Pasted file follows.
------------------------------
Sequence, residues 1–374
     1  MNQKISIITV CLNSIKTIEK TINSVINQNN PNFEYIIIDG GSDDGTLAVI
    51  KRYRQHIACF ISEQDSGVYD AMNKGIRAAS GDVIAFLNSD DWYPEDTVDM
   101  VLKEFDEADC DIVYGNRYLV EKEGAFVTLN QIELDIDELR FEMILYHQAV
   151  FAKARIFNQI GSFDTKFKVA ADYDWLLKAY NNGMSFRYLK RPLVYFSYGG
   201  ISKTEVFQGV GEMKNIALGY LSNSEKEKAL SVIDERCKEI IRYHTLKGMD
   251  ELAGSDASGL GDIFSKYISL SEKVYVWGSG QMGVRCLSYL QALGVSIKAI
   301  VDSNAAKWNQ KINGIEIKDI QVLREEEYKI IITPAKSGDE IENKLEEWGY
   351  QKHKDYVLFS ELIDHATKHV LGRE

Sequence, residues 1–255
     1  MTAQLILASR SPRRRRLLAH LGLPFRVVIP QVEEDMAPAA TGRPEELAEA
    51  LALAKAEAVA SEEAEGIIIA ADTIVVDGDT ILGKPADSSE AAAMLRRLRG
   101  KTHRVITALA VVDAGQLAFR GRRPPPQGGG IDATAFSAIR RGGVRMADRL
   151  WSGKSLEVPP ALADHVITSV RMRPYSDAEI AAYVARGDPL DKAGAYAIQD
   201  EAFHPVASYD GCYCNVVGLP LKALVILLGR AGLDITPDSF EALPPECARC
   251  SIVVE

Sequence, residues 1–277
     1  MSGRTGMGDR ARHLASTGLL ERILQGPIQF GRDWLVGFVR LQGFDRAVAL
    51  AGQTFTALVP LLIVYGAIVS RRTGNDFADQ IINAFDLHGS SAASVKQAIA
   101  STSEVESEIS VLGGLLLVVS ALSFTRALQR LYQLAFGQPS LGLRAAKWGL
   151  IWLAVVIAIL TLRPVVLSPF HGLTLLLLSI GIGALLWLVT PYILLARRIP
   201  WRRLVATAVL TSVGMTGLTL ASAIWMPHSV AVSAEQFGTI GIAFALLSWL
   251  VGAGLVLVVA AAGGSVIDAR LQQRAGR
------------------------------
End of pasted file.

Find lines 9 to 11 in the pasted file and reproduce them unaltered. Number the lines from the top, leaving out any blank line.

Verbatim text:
   351  QKHKDYVLFS ELIDHATKHV LGRE

Sequence, residues 1–255
     1  MTAQLILASR SPRRRRLLAH LGLPFRVVIP QVEEDMAPAA TGRPEELAEA